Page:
By Ali Lucia

EDINA, Minn. (WCCO) — Twenty-seven years ago, Wayne Kostroski’s life changed forever.

In 1992, the Edina resident — known for Goodfellows, Tejas, Figlio and Bar Abilene — became the brains behind Taste of the NFL.

It all started as an idea — a way for the restaurateur to help hunger relief.

Then, Kostroski was president of the Minnesota Restaurant Association and served on the restaurant committee for Super Bowl 26. His goal was to bring a celebrity chef’s dinner featuring NFL players.

“It’s the best restaurant you’ll ever eat in, 40 chefs, different national icons,” Kostroski said. “If you’re into food, you just died and went to culinary heaven.”

That’s pretty much what it was like, back when the Redskins played the Bills in the old Metrodome.

“They made 28 calls and they got 28 players,” Kostroski said. “Archie Manning was one of the founding chefs and all these legends as well.”

Kostroski, who didn’t rally the players and chefs alone, said he had help from friends like former Viking Bob Lurtsema.

Chefs from every NFL city volunteer their expertise. Each donates 1,100 meals for the event that has made stops in every host city since then — places like New Orleans, New York, North Texas and most recently last year’s at the University of Houston.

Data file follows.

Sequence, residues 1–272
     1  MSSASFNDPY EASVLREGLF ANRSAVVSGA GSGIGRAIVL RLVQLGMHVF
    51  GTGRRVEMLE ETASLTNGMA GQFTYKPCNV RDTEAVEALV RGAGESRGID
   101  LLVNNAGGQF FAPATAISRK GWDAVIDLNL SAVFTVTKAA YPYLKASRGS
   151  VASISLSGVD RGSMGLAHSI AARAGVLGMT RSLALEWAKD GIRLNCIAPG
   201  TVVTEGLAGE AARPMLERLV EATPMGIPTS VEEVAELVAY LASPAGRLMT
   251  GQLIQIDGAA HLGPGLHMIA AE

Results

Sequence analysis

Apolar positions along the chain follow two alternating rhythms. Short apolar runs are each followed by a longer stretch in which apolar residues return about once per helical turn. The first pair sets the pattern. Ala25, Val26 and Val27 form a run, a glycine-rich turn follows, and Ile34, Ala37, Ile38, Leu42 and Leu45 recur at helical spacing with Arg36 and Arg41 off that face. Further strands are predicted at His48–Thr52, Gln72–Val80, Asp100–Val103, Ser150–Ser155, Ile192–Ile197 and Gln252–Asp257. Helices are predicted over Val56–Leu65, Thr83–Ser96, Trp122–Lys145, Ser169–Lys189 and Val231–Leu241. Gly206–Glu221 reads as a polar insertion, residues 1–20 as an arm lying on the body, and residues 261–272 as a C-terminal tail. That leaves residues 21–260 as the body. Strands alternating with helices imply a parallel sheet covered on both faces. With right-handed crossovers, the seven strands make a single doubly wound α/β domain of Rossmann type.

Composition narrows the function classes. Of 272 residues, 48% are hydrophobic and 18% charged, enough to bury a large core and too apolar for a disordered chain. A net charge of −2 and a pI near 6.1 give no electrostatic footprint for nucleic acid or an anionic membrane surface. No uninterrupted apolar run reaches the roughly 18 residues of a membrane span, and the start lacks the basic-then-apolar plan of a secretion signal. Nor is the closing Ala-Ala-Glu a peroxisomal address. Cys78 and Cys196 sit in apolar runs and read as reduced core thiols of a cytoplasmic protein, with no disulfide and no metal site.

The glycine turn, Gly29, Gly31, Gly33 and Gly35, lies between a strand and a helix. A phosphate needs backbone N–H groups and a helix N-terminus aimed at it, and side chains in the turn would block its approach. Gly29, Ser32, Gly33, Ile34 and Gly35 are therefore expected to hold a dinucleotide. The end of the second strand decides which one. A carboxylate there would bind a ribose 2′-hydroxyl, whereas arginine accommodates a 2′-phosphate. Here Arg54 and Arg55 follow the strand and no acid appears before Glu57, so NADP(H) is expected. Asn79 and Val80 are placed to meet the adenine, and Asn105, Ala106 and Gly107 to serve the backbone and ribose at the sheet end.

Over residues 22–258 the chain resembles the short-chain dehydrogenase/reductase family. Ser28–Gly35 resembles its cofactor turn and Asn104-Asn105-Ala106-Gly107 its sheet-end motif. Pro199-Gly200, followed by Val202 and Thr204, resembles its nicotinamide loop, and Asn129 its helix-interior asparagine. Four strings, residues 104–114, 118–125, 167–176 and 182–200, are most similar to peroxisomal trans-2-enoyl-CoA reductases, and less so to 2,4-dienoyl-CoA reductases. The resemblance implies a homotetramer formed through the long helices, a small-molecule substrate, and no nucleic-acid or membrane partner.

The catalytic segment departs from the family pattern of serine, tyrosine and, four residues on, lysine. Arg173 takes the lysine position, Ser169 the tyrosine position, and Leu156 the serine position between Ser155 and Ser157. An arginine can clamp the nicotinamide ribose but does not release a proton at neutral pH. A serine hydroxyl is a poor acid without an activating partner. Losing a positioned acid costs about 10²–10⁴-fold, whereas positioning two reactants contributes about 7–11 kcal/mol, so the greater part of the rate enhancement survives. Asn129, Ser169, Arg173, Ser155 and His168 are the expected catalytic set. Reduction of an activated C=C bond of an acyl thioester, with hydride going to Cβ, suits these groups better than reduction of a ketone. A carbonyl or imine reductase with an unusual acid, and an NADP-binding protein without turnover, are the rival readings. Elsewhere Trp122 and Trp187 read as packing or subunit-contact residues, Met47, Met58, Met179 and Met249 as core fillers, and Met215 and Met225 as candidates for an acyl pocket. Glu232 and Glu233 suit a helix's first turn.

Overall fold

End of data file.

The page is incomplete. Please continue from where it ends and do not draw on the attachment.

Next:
To date, Taste of the NFL’s programs and events have raised and donated more than $25 million to food banks and nonprofit organizations in the 32 NFL cities. The money has helped provide meals for 200 million Americans in need.

“There’s so much excitement from the players and chefs because they know this is the year to come to Minnesota, to do this event because this is where it all started,” Kostroski said.

Kostroksi is hoping to score even bigger the second time around with hometown crowd.

Since the Vikings season has started, he and former Viking Ben Leber have hosted fundraising meals. The most recent ones were at Mission Kitchen in Minneapolis and the Lexington in St. Paul.

“I don’t feel an added pressure, I feel an added excitement,” Kostroski said. “This is the time for us to highlight a legacy event. There’s no other event that has lasted this long.”

In 1985, he asked to serve on the board for the St. Paul Food bank, which eventually turned into Second Harvest Heartland, and that’s where the Minnesota dollars will go, to a place that he calls the gold standard for hunger relief.

“There isn’t a corner that Second Harvest doesn’t affect,” Kostroski said.

He says if you’re going to make a party “pick” come Super Bowl week, put money down on Party with a Purpose.

“All the other big parties are going on, but nothing is going to feel more Minnesota and national than Party with a Purpose,” he said.

For more information on Taste of the NFL, click here.